Disney's newest remake of a classic, The Jungle Book, is opening in American theaters Friday. The movie is not only 3-D, but also a big upgrade on the 1967 version, because computer-generated imagery (CGI) has grown by leaps and bounds since the cartoon Jungle Book was first released. While watching the new film in theaters, at times it can seem like an actual panther is leaping towards the camera, leading some to wonder if The Jungle Book used real animals.

Fortunately, the only animal in the film was its very human star, Neel Sethi, who played Mowgli. Disney used CGI magic to create the walking, talking jungle animals of the film. According to Variety, Disney Studios Chairman Alan Horne wanted The Jungle Book to have a similar feel as Avatar and Life of Pi, recent live-action films that used CGI spectacularly.

"Alan said, 'Let’s really embrace this new technology and see what we can do if we push it to its limit,'" director Jon Favreau told Variety. "I thought, 'If we really set it up, could we do something that took it the level where you were watching something that was either photo-real or pleasantly elegant and beautiful and hypnotic?'"

If Twitter is to be believed, Favreau and the Jungle Book team succeeded. Wildly. (See what I did there?)

The Jungle Book based its CGI-crafted critters on real animals, however, in the same spirit as the original book. Bagheera the black panther is a distinctly-colored leopard, and National Geographic suggested that the character of Baloo is based on a sloth bear (which sounds like the cutest bear possible). The fact that Shere Khan, the Bengal tiger, wants Mowgli dead makes sense when you realize there's only 3,890 Bengal tigers left in the world thanks to human poaching and the development of Bengal tigers' habitat. Mowgli's wolf parents are Indian wolves, Kaa is an Indian rock python, and King Louie is based on the now extinct, nine-foot-tall Gigantopithecus ape.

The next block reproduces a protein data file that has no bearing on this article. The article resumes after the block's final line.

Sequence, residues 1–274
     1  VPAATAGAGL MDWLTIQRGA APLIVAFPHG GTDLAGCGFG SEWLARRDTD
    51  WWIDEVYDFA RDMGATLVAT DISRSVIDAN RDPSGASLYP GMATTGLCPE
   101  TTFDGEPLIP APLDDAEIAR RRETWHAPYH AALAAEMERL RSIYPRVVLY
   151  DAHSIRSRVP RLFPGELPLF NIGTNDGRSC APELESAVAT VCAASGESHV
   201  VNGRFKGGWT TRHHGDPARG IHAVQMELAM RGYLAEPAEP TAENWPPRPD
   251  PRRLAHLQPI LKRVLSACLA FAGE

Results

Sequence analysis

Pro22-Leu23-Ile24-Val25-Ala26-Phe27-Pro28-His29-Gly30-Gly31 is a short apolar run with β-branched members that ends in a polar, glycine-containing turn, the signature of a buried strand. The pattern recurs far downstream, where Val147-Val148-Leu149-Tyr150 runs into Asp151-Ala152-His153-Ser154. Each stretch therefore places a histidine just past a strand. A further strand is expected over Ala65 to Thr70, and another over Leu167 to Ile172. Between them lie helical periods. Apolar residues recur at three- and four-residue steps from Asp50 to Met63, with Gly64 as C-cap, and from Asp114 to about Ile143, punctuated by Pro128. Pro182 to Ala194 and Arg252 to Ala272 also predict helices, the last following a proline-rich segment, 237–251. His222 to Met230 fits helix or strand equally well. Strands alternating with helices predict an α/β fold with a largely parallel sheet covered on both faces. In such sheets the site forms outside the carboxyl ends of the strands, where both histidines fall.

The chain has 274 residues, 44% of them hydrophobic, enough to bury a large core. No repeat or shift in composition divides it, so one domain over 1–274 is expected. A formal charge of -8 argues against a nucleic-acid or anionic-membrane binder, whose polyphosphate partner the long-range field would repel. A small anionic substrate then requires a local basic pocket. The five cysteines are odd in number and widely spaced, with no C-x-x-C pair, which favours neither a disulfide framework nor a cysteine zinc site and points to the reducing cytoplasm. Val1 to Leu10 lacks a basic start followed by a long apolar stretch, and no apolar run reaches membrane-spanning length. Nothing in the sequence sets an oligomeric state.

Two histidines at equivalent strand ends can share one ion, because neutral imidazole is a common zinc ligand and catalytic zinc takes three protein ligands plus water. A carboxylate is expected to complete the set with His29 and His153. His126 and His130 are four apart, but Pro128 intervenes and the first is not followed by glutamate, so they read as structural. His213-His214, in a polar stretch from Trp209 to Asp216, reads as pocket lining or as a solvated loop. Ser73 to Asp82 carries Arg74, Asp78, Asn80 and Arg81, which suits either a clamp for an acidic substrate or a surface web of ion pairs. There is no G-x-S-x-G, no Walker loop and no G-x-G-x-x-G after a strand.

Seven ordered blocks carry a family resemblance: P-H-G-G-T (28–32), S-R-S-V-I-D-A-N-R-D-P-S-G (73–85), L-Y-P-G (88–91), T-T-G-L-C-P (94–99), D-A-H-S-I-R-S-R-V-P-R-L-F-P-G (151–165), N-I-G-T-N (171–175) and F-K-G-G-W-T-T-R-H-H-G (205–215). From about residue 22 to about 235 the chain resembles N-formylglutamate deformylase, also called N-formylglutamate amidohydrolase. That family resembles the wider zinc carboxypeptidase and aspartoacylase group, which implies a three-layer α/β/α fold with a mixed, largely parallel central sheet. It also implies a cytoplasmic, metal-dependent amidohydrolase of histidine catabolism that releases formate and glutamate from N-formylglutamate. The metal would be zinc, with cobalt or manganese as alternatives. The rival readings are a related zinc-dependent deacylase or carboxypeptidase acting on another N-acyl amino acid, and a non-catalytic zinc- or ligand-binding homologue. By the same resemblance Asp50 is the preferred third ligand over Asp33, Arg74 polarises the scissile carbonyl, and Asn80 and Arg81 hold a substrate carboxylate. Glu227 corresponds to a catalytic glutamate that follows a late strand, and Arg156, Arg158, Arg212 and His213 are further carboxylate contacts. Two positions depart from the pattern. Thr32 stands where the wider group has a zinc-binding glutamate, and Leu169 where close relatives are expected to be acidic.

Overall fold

The team working on The Jungle Book also played with some anthropomorphic element, giving the animals a dose of humanity (well, beyond the talking and walking, of course). According to Variety, they gave Baloo the same eyebrow raise as Bill Murray. "We tried to do it enough so you would see the soul of the actor, but not so much that it took you out of the reality of the movie," Favreau told Variety.

So no, the animals in The Jungle Book aren't real, which is a good thing for both conservation and the safety of the team on set. But with amazing CGI and some pretty convincing actors behind the animal's voices, I won't blame you if you choose to suspend reality for a bit while watching the film.